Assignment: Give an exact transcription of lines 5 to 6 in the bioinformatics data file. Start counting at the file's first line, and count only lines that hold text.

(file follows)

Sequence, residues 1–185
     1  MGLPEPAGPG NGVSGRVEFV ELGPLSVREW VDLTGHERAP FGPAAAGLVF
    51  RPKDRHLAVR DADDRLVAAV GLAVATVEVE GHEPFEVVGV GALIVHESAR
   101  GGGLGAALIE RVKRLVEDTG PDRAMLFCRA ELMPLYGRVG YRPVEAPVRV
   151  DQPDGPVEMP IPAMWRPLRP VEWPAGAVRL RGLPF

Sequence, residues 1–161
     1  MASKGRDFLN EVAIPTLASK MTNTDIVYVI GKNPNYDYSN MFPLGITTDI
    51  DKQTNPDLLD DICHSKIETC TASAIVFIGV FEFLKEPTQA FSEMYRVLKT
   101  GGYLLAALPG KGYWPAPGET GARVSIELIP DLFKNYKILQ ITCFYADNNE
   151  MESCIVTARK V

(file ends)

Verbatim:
   151  DQPDGPVEMP IPAMWRPLRP VEWPAGAVRL RGLPF

Sequence, residues 1–161